In terms of audio, there was also a lot to see at the 2015 CES. First up, there were several Dolby Atmos demos, including one from Onkyo that demonstrated the ceiling height/surround speaker option, and one from Klipsch that demonstrated the vertical firing height/surround speaker option. Both options were effective at bringing new immersive-ness to the surround sound experience, but if you have a room with a flat ceiling that is not overly high, the vertical firing option is definitely the more easily installed solution.

Shown in the above photo is the Andrew Jones-designed Dolby Atmos speaker system featuring vertically firing speaker drivers to obtain the overhead immersive surround experience.

For a fuller explanation on Dolby Atmos speaker setup options, read my reports: Dolby Atmos - From The Cinema To Your Home Theater, and Dolby Gets More Specific On Dolby Atmos For Home Theater.

NOTE: I also had a chance to experience a brief demonstration of the DTS's forthcoming DTS:X immersive surround sound format, which consisted of a cylindrically-shaped room with all the speakers mounted in the ceiling. However, there was no info provided on consumer products (speakers, receivers), or licensing partners. It is expected that DTS will reveal all in March, 2015.

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Enclave Audio Wireless 5.1 Channel Home Theater Speaker System - CES 2015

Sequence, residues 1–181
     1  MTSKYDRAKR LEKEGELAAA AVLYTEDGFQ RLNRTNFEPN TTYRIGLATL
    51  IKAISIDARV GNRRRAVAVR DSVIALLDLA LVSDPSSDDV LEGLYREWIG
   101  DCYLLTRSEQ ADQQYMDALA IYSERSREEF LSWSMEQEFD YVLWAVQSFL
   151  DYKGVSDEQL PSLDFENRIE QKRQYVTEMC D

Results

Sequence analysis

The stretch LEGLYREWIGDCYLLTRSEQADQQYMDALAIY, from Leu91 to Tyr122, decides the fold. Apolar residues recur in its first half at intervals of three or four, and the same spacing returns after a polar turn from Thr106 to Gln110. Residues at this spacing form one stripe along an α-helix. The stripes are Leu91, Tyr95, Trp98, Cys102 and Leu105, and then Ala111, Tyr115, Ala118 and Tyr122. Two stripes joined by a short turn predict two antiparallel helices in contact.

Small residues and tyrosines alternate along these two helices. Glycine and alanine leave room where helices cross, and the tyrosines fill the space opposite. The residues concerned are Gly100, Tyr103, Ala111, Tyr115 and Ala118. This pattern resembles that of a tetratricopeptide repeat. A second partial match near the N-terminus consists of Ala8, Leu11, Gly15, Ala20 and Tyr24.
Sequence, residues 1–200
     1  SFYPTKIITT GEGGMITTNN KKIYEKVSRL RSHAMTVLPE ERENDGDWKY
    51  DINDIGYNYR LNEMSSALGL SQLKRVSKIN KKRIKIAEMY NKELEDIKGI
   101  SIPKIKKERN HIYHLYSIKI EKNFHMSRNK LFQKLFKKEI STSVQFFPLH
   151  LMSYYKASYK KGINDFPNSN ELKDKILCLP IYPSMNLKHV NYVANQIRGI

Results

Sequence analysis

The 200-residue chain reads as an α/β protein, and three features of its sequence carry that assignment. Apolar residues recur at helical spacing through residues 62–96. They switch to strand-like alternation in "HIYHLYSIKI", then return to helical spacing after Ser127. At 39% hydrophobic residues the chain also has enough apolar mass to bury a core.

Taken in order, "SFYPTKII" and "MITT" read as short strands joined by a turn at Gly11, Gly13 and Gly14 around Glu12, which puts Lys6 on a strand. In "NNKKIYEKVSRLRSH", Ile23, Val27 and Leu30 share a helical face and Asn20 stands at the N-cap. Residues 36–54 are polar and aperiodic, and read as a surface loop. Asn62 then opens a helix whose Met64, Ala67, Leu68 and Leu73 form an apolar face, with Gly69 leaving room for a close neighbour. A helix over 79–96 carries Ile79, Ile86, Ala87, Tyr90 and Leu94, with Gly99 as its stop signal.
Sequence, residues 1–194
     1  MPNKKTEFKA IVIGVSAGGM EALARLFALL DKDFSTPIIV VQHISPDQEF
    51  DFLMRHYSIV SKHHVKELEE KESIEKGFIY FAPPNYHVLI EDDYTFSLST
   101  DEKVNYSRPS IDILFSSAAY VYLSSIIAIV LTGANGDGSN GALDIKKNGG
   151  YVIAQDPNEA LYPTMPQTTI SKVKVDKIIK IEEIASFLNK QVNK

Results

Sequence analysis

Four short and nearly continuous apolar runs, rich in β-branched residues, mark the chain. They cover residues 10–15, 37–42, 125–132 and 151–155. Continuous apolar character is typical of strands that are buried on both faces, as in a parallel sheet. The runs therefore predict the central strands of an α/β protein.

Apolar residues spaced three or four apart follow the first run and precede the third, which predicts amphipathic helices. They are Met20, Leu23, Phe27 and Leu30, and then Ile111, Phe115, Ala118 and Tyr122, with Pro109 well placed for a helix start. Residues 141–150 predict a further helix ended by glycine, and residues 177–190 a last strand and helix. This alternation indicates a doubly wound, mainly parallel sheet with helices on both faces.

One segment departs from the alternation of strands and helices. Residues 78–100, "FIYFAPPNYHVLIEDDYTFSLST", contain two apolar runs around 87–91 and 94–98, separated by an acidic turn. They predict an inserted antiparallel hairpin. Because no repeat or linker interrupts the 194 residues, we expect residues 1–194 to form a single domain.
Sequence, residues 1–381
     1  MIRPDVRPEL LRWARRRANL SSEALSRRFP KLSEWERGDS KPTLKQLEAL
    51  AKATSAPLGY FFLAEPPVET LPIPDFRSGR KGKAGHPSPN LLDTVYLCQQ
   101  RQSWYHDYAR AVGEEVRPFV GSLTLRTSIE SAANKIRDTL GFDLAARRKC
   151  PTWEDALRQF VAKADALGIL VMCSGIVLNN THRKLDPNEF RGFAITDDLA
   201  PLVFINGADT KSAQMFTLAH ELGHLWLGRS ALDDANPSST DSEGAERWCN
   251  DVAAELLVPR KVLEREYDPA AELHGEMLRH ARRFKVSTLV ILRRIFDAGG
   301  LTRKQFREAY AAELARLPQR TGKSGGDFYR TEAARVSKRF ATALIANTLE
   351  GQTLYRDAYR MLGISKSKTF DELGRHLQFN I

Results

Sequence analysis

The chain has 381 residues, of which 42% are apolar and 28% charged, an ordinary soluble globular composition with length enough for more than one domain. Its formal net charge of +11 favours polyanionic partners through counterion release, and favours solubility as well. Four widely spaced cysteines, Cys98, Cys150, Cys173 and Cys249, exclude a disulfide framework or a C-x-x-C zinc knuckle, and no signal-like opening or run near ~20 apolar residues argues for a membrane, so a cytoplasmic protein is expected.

Enclave Audio 5.1 Channel Wireless Speaker System. Photo © Robert Silva - Licensed to About.com

Dolby Atmos wasn't the only news in home theater audio. The other news was the debut of two interesting wireless home theater speaker systems adhering to the WiSA standard. I am not talking about all those Bluetooth, Playfi, and proprietary wireless speaker systems intended more for personal listening, but true wireless 5.1/7.1 channel surround sound speaker systems that are worthy for home theater use.

To provide some background, this new breed of speaker systems, instead of connecting to an external amplifier, or home theater receiver, to get their audio power, each speaker (and, of course, the subwoofer) each incorporate their own built-in amplifier(s).

So instead of long speaker wire runs, you simply plug each speaker into an AC power outlet (can't get around that), and then flip a switch on the back of the speaker that tells a "hub unit" what channel each speaker is assigned to.

During speaker setup, a "hub unit" finds all the speakers and performs any needed speaker setup (room correction or eq) - The only other thing you need to do is connect your source devices to the provided AV or HDMI inputs (Blu-ray/DVD player, Media Streamer, Cable/Satellite Box, etc...) provided on the "hub unit" and you are set to go - 5.1 or 7.1 channel surround sound (depending on the system).